MEACHAM: E.J., you say if we press it to the limit, we have to get rid of it. If you press any of this to the limit, the American experiment of religious liberty falls apart. We're trying to have it both ways; classically American. We are trying to have a religious disposition - it's at the heart of our public discussion - and yet we want to protect the ability of those who don't want to participate. It's fundamentally in conflict, and it's a tension we're going to have to live with until the last day.

Meacham's response was a little better, he ends up in the same place as Dionne.  While it is true, as Meacham says, that there will always be tensions in a religiously pluralist society, he does not address the matter at hand, rather he says "if you press any of this to the limit, the American experiment of religious liberty falls apart."

Hmm. As much as I admire Meacham's book and the many good things he has to say about religion in American history, this is a precise evasion of the question. The context of senior Army and Air Force officers discussing how prosylzation is central to their work as military officers is better understood in terms of the recent prosylization scandals at the Air Force Academy and the culture of religious bigotry and coercion that has festered in the armed services, and especially in the Air Force for a long time.    

A few weeks later, The Washington Post got it right in an editorial:

With its extensive, inside-the-Pentagon footage and interviews with senior officials and high-ranking officers in uniform, the video conveys a sense that the group's mission has been endorsed by the Pentagon; it carries no disclaimer. Robert Varney, the group's executive director, says the Pentagon chaplain's office gave permission for the filming and that it's no surprise that military officers, interviewed at work in the Pentagon, were in uniform. But following a complaint by the Military Religious Freedom Foundation, the video has been removed from Christian Embassy's Web site and the Pentagon is reviewing the matter. As it does so, it would be wise to consider not only whether the video and the Christian Embassy's other activities comply with the letter of Pentagon rules but also with the spirit of the Constitution its personnel are sworn to protect.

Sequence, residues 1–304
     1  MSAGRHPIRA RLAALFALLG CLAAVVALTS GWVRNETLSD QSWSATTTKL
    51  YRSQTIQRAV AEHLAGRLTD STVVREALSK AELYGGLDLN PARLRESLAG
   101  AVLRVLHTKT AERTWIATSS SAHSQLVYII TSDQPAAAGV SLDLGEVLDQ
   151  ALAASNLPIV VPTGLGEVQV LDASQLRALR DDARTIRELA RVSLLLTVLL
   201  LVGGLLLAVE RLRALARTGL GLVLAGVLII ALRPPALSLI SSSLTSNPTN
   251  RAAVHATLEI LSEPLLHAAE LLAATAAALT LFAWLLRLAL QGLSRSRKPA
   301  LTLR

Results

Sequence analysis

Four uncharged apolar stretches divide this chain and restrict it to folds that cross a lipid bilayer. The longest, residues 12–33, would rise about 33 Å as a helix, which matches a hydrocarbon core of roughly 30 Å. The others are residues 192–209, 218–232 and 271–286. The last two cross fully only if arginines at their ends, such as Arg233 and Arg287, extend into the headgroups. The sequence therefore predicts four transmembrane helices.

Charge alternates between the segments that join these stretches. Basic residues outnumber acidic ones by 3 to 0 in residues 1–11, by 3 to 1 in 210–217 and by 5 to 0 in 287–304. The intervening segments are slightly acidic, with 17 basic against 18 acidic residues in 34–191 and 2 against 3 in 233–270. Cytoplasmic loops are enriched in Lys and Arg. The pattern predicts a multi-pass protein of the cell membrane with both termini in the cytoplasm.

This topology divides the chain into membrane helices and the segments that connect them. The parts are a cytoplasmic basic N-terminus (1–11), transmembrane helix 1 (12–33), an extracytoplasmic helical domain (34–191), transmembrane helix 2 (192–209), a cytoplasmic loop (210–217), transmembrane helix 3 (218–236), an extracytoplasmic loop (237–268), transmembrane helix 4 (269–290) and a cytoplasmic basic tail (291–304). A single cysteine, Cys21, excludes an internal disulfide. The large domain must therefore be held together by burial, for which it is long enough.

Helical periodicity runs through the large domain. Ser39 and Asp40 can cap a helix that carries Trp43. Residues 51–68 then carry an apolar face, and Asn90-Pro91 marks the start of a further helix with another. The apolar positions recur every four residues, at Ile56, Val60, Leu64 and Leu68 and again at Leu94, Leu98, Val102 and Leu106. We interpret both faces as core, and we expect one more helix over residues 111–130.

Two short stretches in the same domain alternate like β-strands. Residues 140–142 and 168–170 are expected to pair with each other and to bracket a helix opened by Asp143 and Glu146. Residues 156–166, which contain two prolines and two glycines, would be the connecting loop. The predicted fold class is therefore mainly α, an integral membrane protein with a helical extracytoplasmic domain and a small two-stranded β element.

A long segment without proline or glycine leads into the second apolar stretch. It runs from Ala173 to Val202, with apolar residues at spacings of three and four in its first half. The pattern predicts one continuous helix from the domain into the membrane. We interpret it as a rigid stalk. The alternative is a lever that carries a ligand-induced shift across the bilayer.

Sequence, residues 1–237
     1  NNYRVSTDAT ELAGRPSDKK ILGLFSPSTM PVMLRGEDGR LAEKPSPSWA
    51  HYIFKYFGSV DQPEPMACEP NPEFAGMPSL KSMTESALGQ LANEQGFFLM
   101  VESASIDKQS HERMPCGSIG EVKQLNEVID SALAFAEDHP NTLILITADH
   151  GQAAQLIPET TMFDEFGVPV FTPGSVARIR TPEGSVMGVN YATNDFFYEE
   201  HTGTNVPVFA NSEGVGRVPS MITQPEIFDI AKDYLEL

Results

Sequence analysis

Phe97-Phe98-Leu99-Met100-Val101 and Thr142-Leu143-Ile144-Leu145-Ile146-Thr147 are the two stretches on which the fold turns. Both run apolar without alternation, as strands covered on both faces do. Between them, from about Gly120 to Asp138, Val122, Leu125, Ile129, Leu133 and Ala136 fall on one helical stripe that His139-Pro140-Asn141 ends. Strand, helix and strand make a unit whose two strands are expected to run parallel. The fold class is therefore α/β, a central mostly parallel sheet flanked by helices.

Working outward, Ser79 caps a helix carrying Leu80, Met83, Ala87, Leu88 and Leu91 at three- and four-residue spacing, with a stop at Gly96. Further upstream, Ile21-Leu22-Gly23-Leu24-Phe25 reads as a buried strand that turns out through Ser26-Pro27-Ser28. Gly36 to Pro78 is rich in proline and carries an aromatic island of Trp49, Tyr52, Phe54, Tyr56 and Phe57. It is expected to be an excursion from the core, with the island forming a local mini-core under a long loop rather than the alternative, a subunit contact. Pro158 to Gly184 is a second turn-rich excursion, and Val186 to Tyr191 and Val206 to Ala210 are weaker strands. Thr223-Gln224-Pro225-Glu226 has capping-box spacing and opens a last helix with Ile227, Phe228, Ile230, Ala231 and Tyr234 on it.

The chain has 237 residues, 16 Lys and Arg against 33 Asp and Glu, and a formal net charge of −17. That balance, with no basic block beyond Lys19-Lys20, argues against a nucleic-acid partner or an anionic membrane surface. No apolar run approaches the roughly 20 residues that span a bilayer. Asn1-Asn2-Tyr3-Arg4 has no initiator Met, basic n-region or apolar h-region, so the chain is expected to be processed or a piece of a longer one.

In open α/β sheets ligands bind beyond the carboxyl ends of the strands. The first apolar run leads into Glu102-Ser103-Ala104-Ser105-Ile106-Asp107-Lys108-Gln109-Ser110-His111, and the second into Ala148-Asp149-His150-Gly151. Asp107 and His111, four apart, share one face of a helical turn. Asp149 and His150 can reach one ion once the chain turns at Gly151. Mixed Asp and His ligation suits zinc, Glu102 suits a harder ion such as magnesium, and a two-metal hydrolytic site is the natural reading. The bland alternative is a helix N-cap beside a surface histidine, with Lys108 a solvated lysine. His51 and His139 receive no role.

(For political background, see Jeff Sharlet's post at The Revealer: Inside Christian Embassy.)

Funny that none of the Pew panelists seemed to understand that while military officers have a right to believe as they will, they do not have a right to coopt public institutions for purposes of prosylization, nor may they abuse their positions as officers to impose their beliefs on others.

Four leading thinkers on matter of religion and public life at a presigious, foundation funded event in front of their colleagues from the media and think tankery; an event where they publish a transcript -- and not one can even acknowledge the abuses of power exposed in The Washington Post the day before the conference, even after prompting by the moderator.

by Frederick Clarkson on Fri Feb 09, 2007 at 01:09:47 AM EST

DIONNE: You don't have atheists in foxholes, right, or we'll be in trouble.

Why do so-called "liberals" like E.J Dionne have to parrot right-wing myths?

"I believe in a President whose views on religion are his own private affair" - JFK, Address to the Greater Houston Ministerial Association
by hardindr on Fri Feb 09, 2007 at 07:29:19 AM EST